Total Babes | Swimming Through Sunlight (Old Flame)

cd total-babesThe final three songs are the highlights of the album; those prior are all good individual tracks, but they do sort of blend when put together.

 

Singer/guitarist Chris Brown and Cloud Nothings drummer Jayson Gerycz just were screwing around in a garage when it became apparent that what they were creating was worthy of being recorded. In fact, this album ended up being recorded in a garage, which is perfect for the Wavves-y lo-fi approach. The album’s artwork is of a cute but messily drawn dinosaur licking an ice cream cone. This goes hand in hand with Total Babes’ sound, tender and sweet with major messiness in the instruments and lyrics dealing with a crumbling relationship.

The opener, “Like They Always Do,” has indeterminable lyrics that fuzz intermingling with the instruments. The clearest and most repeated, “My thoughts just turn to you/ Just like they always do,” can be interpreted as adorable or painful. The rest of Swimming Through Sunlight will prove the latter to be true. “Be So True” has Brown offering his love and commitment to someone who has nothing to offer back. The repetition of “I’ll be so true to you/ But there’s nothing to be true to” makes it hard not to empathize with the lack of real love between the two. The desperation is admirable and pathetic as this dark and catchy song pounds forward with heavy-distant drums, feedback, and power chords. “Rot Away,” much like most of the songs here, has drums that sound like garbage cans being kicked to shit. Also, the band’s omnipresent dirty guitar is paired with a shiny backing guitar riff near the end that adds some light to the heavy.

“Someone to Blame” has Brown sounding more pissed than anything, and “Don’t Have to Run” keeps the album battering ahead with its vivaciousness and confusion. “Give Me Nothing” isn’t a bad song on its own, but at track six it’s almost lost in the mix due to its similarity to the other songs, and lacks certain gusto to make it stand out. “Le Guts” struts punk-rock assurance of feeling fine, and then the denial sets in during the (barely) gentler vocals; it’s sort of a “fuck you/I love you” song.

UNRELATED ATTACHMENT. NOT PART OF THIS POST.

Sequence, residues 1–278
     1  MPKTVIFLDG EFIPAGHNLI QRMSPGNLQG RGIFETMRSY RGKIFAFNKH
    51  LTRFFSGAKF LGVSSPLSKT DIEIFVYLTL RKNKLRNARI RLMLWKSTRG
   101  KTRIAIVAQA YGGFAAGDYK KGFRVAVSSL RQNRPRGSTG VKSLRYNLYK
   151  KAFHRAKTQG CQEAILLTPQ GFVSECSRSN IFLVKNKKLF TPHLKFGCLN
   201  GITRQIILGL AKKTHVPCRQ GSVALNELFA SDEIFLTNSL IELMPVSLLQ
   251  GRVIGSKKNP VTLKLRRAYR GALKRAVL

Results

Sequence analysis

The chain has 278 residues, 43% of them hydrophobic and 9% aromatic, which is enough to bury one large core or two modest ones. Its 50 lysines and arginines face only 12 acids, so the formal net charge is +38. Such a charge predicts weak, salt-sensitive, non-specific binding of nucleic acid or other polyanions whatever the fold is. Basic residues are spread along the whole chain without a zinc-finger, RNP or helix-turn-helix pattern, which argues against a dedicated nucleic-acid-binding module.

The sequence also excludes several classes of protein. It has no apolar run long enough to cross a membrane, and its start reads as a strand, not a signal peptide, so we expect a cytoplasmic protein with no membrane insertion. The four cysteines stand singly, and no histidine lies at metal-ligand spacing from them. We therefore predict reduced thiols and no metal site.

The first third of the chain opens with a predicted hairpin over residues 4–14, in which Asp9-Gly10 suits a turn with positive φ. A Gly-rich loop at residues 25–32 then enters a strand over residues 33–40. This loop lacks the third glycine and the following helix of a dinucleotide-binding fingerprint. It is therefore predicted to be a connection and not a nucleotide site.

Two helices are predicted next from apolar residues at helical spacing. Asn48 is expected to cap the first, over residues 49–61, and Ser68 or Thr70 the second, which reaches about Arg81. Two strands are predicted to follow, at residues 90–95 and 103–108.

The final three songs are the highlights of the album; those prior are all good individual tracks, but they do sort of blend when put together. This has its faults, but also benefits by staying true to its fast, fuzzy, lo-fi sound. At the start of “How We Wanna Be,” the guitar immediately brings about feelings of yearning and vulnerability. Of course, the garbage-can drums come in and give that layer of dirtiness to protect the possibly heartfelt lyrics from being fully understood. The clearest line, “Reach right through my skin/ and turn my heart to gelatin,” is spit out earnestly and emotionally. “Without Your Heart” has the quietest clangor of Swimming Through Sunlight. It evokes a breakdown reminiscent of Weezer at their sincerest. Its longing is reminiscent of a breakup that happened at make-out point right before the school dance. It seems one side of the relationship has easily moved on, yet Brown hasn’t. What was once an emotionally satisfying relationship has turned to despair through a messy breakup—messy for him, at least.

These feelings culminate into a truly pretty song that leads into the infectious finale, “Tip of My Tongue.” Immediately, the song sucks you in with the joyful opening guitar followed by a “Woo!” Again, the lyrics aren’t discernible most of the time, but it still makes you feel invincible and able to do anything without fear. This feeling is undercut, like most of the songs on the album, by Brown wishing the aforementioned lover was his, and then he could do anything. But he and the rest of Total Babes have done something: They’ve put together a fast, immediate, and emotionally charged album of dirty drums and guitars, messy and muffled lyrics of desperation and hope, and a bass whose presence is there but barely heard or missed. The track list does occasionally blur together, but each song, alone, has a solid and overall satisfying presence. B+ | Alex Schreiber

RIYL: Wavves, Cloud Nothings, The Ramones

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